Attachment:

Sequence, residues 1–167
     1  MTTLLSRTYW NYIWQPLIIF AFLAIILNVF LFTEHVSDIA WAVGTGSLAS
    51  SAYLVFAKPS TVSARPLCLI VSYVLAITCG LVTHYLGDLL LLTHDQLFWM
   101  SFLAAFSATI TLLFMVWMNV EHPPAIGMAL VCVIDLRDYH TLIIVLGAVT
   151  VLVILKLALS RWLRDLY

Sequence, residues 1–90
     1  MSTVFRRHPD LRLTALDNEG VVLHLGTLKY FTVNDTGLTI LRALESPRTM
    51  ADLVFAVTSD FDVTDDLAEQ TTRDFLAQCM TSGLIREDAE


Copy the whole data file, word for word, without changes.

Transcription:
Sequence, residues 1–167
     1  MTTLLSRTYW NYIWQPLIIF AFLAIILNVF LFTEHVSDIA WAVGTGSLAS
    51  SAYLVFAKPS TVSARPLCLI VSYVLAITCG LVTHYLGDLL LLTHDQLFWM
   101  SFLAAFSATI TLLFMVWMNV EHPPAIGMAL VCVIDLRDYH TLIIVLGAVT
   151  VLVILKLALS RWLRDLY

Sequence, residues 1–90
     1  MSTVFRRHPD LRLTALDNEG VVLHLGTLKY FTVNDTGLTI LRALESPRTM
    51  ADLVFAVTSD FDVTDDLAEQ TTRDFLAQCM TSGLIREDAE